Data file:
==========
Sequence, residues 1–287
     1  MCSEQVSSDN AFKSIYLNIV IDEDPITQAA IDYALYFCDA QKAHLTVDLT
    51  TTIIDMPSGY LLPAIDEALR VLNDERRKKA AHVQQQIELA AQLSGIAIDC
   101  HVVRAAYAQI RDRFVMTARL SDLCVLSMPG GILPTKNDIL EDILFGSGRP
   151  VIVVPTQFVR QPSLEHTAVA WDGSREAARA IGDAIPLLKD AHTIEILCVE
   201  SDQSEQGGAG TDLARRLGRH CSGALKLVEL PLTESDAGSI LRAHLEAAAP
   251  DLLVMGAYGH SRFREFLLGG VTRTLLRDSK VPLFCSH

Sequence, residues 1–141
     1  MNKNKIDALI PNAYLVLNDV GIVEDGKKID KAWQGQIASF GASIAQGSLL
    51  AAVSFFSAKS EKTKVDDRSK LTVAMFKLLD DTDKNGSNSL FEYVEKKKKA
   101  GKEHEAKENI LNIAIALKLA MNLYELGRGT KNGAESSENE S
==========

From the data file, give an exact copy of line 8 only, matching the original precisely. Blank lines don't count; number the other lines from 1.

Sequence, residues 1–141